The Linear Acoustic MT2000 Bitstream Analyzer represents T&M in today’s era of digital audio.
Linear Acoustic is a specialist in high quality digital audio for television. The company designs and manufactures the AERO range of real-time and file-based loudness managers, UPMAX upmixing and downmixing solutions and the LQ series of loudness metering products. Tim Carroll, Linear Acoustic’s founder and president, talks about today’s technology and the future of audio.
Tim Carroll, Linear Acoustic’s founder and president, grew up in the New York City area with a passion for audio and a natural curiosity about broadcasting. As the chief engineer of his high school and college radio stations, Carroll utilized what he calls the "disassembly method" of learning — that is, taking stuff apart and sometimes getting it back together.
In 1995, he joined Dolby Laboratories and spent several years on the film stages of New York at a time when the market for digital sound in film was growing. His time there provided an in-depth experience with the production of matrix and discrete surround audio with the then brand-new DVD format which specified the Dolby Digital (AC-3) codec for multi-channel audio.
Around the same time, the AC-3 codec was also mandated for use in the ATSC digital television standard and soon thereafter in the DVB specification. Having access to major market TV stations allowed Carroll to experiment in the real world with early DTV audio products.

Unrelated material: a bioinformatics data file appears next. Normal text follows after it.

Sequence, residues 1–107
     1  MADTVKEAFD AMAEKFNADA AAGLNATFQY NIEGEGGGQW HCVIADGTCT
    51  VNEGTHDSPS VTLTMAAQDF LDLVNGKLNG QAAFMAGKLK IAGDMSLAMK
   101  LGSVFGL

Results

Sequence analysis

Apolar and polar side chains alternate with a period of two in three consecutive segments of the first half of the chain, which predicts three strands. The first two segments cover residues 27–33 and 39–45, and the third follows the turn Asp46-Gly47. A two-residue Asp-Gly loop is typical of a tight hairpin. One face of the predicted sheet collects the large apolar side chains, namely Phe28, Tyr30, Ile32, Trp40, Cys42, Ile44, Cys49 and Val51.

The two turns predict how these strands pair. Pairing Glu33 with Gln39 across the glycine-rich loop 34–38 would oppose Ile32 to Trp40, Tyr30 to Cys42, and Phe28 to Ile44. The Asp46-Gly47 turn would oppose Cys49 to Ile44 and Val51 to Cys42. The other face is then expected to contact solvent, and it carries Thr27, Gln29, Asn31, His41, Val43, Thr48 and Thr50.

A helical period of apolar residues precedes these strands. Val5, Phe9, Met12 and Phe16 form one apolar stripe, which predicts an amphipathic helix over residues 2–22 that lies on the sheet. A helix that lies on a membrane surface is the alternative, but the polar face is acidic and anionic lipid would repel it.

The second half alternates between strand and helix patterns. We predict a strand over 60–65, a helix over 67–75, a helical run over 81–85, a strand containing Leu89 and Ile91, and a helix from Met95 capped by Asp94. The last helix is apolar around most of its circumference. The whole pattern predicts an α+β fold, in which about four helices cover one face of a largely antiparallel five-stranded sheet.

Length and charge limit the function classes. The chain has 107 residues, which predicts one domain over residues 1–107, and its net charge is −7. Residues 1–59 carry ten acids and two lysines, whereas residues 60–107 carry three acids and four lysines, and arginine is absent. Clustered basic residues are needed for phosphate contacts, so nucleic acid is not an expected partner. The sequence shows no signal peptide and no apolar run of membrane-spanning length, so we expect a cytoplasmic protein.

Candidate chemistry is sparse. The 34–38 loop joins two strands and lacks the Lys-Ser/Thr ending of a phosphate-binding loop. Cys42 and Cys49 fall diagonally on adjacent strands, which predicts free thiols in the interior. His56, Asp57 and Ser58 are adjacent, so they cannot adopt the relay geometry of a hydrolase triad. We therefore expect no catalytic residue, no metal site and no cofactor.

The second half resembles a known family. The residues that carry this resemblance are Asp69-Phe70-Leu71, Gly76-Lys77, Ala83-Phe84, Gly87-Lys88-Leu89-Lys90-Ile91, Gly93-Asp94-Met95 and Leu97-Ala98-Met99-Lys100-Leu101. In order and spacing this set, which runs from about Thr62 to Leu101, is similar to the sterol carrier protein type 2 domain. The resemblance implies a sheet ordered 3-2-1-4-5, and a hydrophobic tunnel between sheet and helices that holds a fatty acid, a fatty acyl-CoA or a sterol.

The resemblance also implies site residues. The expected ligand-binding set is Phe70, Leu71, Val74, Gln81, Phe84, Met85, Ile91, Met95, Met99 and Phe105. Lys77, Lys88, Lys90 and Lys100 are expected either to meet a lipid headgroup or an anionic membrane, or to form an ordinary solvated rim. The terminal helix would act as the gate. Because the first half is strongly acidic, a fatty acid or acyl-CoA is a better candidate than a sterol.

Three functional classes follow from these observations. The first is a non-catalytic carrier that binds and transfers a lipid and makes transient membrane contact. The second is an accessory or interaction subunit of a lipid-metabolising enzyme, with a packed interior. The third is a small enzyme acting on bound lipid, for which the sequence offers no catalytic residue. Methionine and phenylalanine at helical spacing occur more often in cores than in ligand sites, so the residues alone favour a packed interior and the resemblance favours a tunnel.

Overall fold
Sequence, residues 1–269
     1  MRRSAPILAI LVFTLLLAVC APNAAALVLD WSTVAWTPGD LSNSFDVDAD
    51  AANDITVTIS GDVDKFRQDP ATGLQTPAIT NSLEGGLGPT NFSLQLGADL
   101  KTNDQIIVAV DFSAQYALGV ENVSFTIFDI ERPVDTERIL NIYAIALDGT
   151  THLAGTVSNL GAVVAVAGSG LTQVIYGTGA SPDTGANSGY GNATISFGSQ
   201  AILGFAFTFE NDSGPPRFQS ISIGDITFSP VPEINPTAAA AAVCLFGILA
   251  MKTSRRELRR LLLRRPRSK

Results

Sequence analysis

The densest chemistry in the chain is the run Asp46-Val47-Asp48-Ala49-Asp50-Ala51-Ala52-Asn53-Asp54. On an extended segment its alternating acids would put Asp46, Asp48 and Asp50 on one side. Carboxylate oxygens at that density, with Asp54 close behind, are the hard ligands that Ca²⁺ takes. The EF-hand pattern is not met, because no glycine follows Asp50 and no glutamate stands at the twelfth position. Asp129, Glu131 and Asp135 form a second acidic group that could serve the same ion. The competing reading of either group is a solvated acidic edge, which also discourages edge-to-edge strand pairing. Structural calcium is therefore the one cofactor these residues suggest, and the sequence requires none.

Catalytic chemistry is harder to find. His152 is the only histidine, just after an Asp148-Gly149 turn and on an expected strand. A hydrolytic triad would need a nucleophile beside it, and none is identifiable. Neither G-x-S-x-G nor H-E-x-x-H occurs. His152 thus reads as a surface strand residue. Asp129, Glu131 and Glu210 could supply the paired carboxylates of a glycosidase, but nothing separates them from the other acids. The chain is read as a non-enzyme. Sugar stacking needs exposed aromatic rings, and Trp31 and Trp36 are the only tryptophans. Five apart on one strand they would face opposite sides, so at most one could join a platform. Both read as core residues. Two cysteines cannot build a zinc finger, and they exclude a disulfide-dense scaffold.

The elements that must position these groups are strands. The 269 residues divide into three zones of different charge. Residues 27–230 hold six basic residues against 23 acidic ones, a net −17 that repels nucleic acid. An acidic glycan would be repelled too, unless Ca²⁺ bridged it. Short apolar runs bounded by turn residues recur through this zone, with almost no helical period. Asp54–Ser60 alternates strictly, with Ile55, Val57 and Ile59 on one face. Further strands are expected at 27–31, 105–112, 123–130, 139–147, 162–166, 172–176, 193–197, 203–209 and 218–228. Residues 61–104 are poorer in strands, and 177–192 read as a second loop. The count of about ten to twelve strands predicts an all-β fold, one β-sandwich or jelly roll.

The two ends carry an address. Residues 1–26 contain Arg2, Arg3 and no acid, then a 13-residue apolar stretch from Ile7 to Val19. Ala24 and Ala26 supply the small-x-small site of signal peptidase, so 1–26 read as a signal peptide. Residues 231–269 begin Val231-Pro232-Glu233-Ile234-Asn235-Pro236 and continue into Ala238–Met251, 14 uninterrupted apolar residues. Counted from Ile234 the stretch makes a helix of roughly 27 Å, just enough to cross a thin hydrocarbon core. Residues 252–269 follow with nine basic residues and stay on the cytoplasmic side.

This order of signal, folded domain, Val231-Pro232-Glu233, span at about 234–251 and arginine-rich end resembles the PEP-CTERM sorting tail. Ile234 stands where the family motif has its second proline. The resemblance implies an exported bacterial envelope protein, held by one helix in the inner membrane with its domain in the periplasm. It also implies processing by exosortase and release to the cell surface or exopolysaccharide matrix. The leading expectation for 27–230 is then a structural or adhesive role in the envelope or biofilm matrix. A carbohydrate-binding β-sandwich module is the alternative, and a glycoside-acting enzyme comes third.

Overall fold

In this new feature called Viewpoint, we asked Carroll about the issues his company faces and what he thinks the future of audio will bring.
Tim Carroll, Linear Acoustic’s founder and president.
The Broadcast Bridge: What was the unique technology, service or development that led to the founding of your company?
Tim Carroll: We developed a television audio processing system intended to bridge the gap between analog and digital and stereo (or mono) and 5.1 channel surround. It was a loudness processor years before ATSC A/85, CALM or EBU requirements were even being considered. In fact, ITU-BS.1770 was not even published.
It also introduced the idea of upmixing and pre-conditioned audio for external Dolby Digital (AC-3) encoding. Most importantly, though, it handled the audio “housekeeping” for a facility, enabling SAP and EBS (now Alternate Language, DVS and EAS). It made quality surround audio much easier for broadcasters who were often meeting digital stereo for the very first time.
The Broadcast Bridge: What differentiates your company from your competitors today? What do you offer that is unique?
Tim Carroll: We still make systems that support the original idea of making audio easier. Happily, combined industry efforts, including ours, have made upstream content so good that in many cases, we need to do very little if anything to it before transmission.
We continue to innovate new technologies that help to ease the creation of this high quality, engaging audio and we have become very focused on “out of the box” answers, meaning getting away from custom hardware.
This means software tools, enterprise and cloud-based systems, and OEM and licensing technologies to other companies that build tightly integrated systems that provide playout, transcoding and automation all in one place.
The Broadcast Bridge: What are the key market developments facing audio companies like yours today?